It's worth remembering what a sniveling coward McCarthy is. In the hours after the January 6 insurrection, McCarthy was livid with Trump for nearly getting him and other members of Congress killed. It didn't take long, however, before he was back to kissing Trump's ass and acting like Trump's henchman. The main lesson from this is that McCarthy is a spineless weasel and no one, especially not the leaders at the DOJ, should be afraid of him. 

Trump, Fox News, congressional Republicans and every other right-wing sleaze out there is doing the same thing for the same reason: Being really loud to cover up for the fact that they've got nothing. The hope is that by screaming at the top of their lungs, making threats, and otherwise being exhausting, they can somehow intimidate the legal authorities into standing down. It's the human equivalent of those frill-necked lizards that fan out their skin in order to look bigger and scarier than they actually are. But when those lizards meet a predator who is not intimidated by their act, they turn tail and run.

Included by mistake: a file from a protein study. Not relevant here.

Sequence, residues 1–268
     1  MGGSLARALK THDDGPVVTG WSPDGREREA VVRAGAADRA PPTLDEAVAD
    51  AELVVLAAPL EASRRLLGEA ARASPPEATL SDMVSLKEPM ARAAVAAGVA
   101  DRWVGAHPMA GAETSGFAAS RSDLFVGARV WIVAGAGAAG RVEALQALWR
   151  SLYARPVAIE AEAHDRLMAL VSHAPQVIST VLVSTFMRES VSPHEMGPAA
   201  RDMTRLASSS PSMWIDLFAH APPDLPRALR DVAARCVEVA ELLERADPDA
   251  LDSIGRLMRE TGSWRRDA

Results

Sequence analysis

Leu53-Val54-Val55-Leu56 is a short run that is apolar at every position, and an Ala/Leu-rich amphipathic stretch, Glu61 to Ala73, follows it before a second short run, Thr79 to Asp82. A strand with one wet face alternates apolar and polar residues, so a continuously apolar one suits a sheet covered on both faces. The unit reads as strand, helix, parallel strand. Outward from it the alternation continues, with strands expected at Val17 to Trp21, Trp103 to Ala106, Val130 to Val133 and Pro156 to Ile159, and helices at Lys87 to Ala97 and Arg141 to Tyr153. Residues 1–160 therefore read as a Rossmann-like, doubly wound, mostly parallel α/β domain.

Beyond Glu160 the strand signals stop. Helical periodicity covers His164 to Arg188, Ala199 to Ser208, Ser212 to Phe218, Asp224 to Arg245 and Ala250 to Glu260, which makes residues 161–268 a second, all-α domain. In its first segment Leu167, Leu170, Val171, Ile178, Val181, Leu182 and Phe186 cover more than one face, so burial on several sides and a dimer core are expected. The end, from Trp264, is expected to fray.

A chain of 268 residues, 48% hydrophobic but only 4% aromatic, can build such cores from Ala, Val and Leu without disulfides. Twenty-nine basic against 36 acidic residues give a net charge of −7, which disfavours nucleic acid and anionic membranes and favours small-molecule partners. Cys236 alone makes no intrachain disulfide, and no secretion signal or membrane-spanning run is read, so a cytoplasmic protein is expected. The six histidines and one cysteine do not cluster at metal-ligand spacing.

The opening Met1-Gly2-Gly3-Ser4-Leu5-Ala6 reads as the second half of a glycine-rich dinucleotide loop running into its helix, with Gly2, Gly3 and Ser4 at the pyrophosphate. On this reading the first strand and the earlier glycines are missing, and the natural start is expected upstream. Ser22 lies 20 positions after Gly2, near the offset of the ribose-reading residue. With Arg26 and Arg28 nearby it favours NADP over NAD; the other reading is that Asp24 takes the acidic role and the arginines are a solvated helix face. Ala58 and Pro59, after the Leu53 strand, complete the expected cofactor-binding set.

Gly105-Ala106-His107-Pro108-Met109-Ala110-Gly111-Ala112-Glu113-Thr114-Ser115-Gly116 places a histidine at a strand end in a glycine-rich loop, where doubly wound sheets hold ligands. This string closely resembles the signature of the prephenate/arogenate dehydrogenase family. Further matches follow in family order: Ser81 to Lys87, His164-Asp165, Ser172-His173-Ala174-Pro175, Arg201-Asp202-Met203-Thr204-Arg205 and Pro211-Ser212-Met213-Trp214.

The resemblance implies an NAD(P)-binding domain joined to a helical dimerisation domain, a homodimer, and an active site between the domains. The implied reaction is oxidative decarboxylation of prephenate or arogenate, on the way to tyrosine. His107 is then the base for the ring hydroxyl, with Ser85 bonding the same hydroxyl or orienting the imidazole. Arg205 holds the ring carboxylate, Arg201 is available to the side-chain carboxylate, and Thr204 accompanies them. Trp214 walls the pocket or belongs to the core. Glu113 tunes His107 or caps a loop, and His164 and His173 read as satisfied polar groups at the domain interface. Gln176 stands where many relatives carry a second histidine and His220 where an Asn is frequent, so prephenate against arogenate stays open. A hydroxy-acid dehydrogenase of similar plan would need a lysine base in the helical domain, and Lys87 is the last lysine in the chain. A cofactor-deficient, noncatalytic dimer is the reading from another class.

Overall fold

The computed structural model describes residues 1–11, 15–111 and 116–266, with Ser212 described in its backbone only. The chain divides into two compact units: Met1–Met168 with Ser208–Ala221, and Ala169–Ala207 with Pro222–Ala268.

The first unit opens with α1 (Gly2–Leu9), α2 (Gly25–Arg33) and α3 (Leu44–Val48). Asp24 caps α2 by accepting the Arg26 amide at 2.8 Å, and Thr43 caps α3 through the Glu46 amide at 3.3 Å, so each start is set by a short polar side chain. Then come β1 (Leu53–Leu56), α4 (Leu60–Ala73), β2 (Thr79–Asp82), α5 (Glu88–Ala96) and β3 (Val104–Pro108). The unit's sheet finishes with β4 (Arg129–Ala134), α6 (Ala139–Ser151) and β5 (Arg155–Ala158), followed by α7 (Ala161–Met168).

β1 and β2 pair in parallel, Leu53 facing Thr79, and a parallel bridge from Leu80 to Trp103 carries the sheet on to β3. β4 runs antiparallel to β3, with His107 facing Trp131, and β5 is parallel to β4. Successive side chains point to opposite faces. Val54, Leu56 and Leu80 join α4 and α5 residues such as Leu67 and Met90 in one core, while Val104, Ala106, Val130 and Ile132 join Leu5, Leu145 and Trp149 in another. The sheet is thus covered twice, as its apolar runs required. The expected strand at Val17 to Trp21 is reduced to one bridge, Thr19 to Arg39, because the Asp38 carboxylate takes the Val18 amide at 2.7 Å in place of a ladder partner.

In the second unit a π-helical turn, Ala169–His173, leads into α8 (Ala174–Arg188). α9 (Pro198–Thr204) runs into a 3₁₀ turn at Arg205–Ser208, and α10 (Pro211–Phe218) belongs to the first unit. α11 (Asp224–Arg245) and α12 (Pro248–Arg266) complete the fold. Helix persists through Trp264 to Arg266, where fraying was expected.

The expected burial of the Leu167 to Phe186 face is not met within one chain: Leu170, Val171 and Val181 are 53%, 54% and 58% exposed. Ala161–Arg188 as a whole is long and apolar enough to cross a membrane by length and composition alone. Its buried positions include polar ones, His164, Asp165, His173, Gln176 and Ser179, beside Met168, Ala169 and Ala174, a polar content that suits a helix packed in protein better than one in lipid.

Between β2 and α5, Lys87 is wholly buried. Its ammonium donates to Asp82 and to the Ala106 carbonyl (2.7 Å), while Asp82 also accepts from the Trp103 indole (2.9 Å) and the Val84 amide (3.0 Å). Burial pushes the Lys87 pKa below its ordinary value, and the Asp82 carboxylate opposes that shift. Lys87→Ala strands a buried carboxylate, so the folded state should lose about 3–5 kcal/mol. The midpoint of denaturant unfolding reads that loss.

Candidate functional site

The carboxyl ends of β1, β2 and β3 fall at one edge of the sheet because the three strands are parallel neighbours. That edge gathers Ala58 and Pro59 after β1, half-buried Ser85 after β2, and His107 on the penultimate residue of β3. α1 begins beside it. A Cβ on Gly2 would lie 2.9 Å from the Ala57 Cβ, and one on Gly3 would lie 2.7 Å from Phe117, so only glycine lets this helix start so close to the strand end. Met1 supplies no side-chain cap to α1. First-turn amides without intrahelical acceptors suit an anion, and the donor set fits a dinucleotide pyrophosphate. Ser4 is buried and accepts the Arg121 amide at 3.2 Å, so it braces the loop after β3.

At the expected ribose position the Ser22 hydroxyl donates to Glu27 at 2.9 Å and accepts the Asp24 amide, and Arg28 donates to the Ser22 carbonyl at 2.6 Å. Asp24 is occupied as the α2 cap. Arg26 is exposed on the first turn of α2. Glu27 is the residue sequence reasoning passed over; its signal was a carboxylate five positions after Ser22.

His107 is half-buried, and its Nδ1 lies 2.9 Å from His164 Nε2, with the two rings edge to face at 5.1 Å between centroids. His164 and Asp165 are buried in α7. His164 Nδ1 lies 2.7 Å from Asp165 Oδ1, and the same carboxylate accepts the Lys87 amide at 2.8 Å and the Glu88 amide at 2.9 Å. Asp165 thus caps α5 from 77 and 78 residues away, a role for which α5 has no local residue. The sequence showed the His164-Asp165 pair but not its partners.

So no one should feel intimidated by Trump's empty belligerence.

Remember that, while Trump's acolytes will defend him no matter what, most Americans have been persuaded by facts to believe, correctly, that Trump is guilty of an attempted coup. The words "FBI raid" aren't going to make that majority any less likely to believe in Trump's guilt. Pro-democracy forces need not be intimidated, but to keep the pressure up on Garland and the DOJ to see this investigation through. Rule of law and democracy are too important to be sacrificed just because Trump and his boobs are making a bunch of loud farting noises. 

By Amanda Marcotte

Amanda Marcotte is a senior politics writer at Salon and the author of "Troll Nation: How The Right Became Trump-Worshipping Monsters Set On Rat-F*cking Liberals, America, and Truth Itself." Follow her on Twitter @AmandaMarcotte and sign up for her biweekly politics newsletter, Standing Room Only.